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Determining CPU Cycles?

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First post, by Criftus

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Hi.

Just wondering how one might determine the number of CPU cycles any given CPU might have. Is it a formula, or a program, or what?

Thanks!
·Criftus
math@gta.igs.net

Reply 1 of 23, by Snover

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I've wanted to figure something like this out for a while. Perhaps someday...😉

Basically what is needed is a program that will run and report the "speed" of the processor that it sees from within DOSBox. I'm sure one exists, I just don't know what it is. Then, once we run that, we get a list of cycle #s from people with different proessors relating to three or four specific emulated clock speeds (like 33MHz, 66MHz, 100MHz, 133MHz) and derive a formula from that data.

Yes, it’s my fault.

Reply 3 of 23, by Criftus

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Yeah... It would be a great program...

I thought I had the whole cycles thing down before, when DOSBox 0.58 was released. I was given a list of CPU cycles in relation to the Mhz of the CPU, and setting the cycles to 9200 seemed to accurately emulate a 486 at 100 Mhz. Well, at least it ran "like" my old 486... 😁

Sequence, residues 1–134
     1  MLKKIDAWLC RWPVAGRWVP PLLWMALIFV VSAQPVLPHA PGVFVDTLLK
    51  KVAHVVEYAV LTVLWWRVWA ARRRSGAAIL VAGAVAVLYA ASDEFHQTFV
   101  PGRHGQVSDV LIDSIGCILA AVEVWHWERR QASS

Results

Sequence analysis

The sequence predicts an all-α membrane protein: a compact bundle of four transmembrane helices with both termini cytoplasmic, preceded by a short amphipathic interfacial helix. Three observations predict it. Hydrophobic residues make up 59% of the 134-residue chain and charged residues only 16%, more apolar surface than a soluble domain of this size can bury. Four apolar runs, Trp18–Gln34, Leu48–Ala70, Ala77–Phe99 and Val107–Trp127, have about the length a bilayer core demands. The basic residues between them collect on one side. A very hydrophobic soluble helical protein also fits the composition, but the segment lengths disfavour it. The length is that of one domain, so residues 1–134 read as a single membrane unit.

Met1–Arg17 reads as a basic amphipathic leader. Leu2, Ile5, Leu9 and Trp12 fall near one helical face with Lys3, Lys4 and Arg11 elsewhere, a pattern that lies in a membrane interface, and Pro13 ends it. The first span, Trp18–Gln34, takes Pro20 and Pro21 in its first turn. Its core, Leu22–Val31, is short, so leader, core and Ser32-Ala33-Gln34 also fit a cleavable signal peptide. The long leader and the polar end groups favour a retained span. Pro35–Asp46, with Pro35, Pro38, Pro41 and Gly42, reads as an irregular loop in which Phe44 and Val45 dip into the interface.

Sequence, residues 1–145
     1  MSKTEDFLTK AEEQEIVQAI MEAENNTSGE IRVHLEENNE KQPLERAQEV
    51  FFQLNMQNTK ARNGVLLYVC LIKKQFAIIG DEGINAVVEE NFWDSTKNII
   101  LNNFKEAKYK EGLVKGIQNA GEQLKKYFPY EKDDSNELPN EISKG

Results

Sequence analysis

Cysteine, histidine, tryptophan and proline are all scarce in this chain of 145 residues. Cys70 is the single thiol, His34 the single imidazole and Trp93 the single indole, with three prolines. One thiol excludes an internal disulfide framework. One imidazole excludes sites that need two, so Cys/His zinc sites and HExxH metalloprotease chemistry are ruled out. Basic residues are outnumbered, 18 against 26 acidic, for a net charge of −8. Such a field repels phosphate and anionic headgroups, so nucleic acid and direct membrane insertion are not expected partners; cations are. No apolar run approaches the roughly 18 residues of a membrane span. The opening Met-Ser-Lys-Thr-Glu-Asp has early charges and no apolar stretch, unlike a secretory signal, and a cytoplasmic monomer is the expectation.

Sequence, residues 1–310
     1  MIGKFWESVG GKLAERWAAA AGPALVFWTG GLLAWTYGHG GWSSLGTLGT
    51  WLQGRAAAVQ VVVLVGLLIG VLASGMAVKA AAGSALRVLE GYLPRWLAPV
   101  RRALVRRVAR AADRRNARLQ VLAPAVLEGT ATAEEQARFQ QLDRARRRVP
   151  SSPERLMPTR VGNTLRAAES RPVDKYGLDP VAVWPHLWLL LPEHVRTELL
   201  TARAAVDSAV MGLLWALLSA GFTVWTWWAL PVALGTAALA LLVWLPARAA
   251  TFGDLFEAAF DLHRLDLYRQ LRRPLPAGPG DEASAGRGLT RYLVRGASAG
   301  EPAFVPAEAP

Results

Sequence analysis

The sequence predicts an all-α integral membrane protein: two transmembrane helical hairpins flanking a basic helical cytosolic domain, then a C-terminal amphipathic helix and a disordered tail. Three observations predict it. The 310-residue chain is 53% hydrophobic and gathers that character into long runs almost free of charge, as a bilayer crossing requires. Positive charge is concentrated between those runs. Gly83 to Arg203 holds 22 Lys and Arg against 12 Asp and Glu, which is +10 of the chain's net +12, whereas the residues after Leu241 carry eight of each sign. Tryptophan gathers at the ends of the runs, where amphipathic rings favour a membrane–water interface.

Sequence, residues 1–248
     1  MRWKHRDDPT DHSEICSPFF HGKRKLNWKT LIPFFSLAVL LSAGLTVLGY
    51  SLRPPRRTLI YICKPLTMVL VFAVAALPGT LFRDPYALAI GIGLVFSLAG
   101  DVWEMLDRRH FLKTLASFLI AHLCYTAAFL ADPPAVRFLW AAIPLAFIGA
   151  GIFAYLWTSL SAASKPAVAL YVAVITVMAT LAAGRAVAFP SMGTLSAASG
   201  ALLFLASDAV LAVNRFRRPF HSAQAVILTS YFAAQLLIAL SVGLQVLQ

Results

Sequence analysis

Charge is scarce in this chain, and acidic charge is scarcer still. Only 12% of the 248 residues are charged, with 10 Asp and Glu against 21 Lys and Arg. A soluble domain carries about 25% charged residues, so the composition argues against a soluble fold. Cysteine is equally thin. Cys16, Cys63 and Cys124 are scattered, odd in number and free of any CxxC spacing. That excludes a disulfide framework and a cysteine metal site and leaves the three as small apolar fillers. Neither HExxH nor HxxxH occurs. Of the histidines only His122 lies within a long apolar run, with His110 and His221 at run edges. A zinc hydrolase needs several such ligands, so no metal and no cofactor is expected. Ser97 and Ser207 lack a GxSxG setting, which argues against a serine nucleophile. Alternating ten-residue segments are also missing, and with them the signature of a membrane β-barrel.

Trying the new CVS release of DOSBox with the same settings didn't work however. I was back to the sound stuttering and slow video. So all my *accurate* settings (or at least the illusion of accuracy) are out the window. 🤣 😉

Anyways, some people should really get on that program, or that formula, or whatever is used to determine the damn number.
😀

Regards,
·Criftus
math@gta.igs.net

Reply 4 of 23, by eL_PuSHeR

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I regret to disagree but it seems that every program/game out there may have different cycles requirements. Just use a median value where your cpu usage is at about 50% and keep using CTRL-F11 or CTRL-F12 until sound & video are properly synchronized.

Reply 5 of 23, by Criftus

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Alrighty. I must admit I have absolutely no knowledge what-so-ever about clock speeds and CPU cycles. I thought CPU cycles was a fixed number that a certain CPU could run at in relation to the Mhz of that particular CPU. so... like 50Mhz is around 5000 CPS, 100Mhz at 10000 CPS, and so on...

Am I like way off the mark here? 😀 Someone explain! ^_~'

Reply 6 of 23, by Harekiet

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Well dosbox's cycles aren't the same as normal cpu's cycles, since normal cpu's can take different cycle counts for different operations, whereas dosbox takes only 1 for each operation.
But since there are loads of different operations the cpu can do, one can take longer to emulate than the other. So if you have a game that uses a lot of the heavy operations you can reach a lower maximum speed than some game using light instructions.

Reply 7 of 23, by Criftus

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I... See... 😁